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Read our November issue

Risks of direct-to-consumers drug advertisements, the neural bases of crowd emotion, the benefits of gendered medicine, and more. 

Latest Research

  • Perspective |

    Consistent failure over the past few decades to reduce the high prevalence of stress-related disorders has motivated a search for alternative research strategies. Resilience refers to the phenomenon of many people maintaining mental health despite exposure to psychological or physical adversity. Instead of aiming to understand the pathophysiology of stress-related disorders, resilience research focuses on protective mechanisms that shield people against the development of such disorders and tries to exploit its insights to improve treatment and, in particular, disease prevention. To fully harness the potential of resilience research, a critical appraisal of the current state of the art — in terms of basic concepts and key methods — is needed. We highlight challenges to resilience research and make concrete conceptual and methodological proposals to improve resilience research. Most importantly, we propose to focus research on the dynamic processes of successful adaptation to stressors in prospective longitudinal studies.

    • Raffael Kalisch
    • , Dewleen G. Baker
    • , Ulrike Basten
    • , Marco P. Boks
    • , George A. Bonanno
    • , Eddie Brummelman
    • , Andrea Chmitorz
    • , Guillén Fernàndez
    • , Christian J. Fiebach
    • , Isaac Galatzer-Levy
    • , Elbert Geuze
    • , Sergiu Groppa
    • , Isabella Helmreich
    • , Talma Hendler
    • , Erno J. Hermans
    • , Tanja Jovanovic
    • , Thomas Kubiak
    • , Klaus Lieb
    • , Beat Lutz
    • , Marianne B. Müller
    • , Ryan J. Murray
    • , Caroline M. Nievergelt
    • , Andreas Reif
    • , Karin Roelofs
    • , Bart P. F. Rutten
    • , David Sander
    • , Anita Schick
    • , Oliver Tüscher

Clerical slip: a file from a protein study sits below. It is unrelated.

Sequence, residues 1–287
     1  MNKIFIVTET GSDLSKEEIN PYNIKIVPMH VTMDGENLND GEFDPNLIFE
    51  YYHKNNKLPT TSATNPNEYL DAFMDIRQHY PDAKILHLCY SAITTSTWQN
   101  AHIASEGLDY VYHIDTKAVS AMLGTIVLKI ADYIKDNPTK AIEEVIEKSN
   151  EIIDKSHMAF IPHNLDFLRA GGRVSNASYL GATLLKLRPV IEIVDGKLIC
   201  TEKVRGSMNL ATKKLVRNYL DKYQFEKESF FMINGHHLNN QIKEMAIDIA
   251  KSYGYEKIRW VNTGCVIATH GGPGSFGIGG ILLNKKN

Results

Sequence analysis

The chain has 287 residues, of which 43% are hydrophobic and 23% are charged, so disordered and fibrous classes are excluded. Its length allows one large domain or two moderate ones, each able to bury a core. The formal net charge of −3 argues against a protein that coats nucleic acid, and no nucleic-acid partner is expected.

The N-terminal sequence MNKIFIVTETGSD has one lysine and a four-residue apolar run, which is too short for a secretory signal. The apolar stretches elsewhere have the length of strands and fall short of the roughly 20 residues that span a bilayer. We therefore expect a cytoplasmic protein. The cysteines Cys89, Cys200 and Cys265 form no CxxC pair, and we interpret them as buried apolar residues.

• , Ilse Van Diest
    • , Anne-Laura van Harmelen
    • , Ilya M. Veer
    • , Eric Vermetten
    • , Christiaan H. Vinkers
    • , Tor D. Wager
    • , Henrik Walter
    • , Michèle Wessa
    • , Michael Wibral
    •  & Birgit Kleim
  • Article |

    Women often behave more prosocially than men. Soutschek et al. use pharmacology and neuroimaging to show that the neural reward system appears to be more sensitive to prosocial rewards in women than men, providing a neurobiological account for this gender difference.

    • Alexander Soutschek
    • , Christopher J. Burke
    • , Anjali Raja Beharelle
    • , Robert Schreiber
    • , Susanna C. Weber
    • , Iliana I. Karipidis
    • , Jolien ten Velden
    • , Bernd Weber
    • , Helene Haker
    • , Tobias Kalenscher
    •  & Philippe N. Tobler

News & Comment

  • Editorial |

    The Nobel Prize in Economic Sciences this year, in honouring the work of Richard H. Thaler, highlights the growing impact of behavioural economics in science and policy.

  • News and Views |

    Functional brain-imaging methods provide rich datasets that can be exploited by machine-learning techniques to help assess psychiatric disorders. A recent study uses this approach to identify patients with suicidal thoughts, and to distinguish those who have attempted suicide from those who have not.

    • Barry Horwitz


Behavioural Economics

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Behavioural Economics

The 2017 Nobel Prize in Economic Sciences, in honouring the work of Richard H. Thaler, highlights the growing impact of behavioural economics in science and policy. To mark the occasion, we have put together this collection of behavioural economics articles published this year in Nature Human Behaviour. From a typology of nudges for health-related behaviour change to an examination of under what conditions people will cooperate in order to sustain a public good, the research and opinion published in our pages exemplifies some of the key contributions this fast growing field is making to science and policy.

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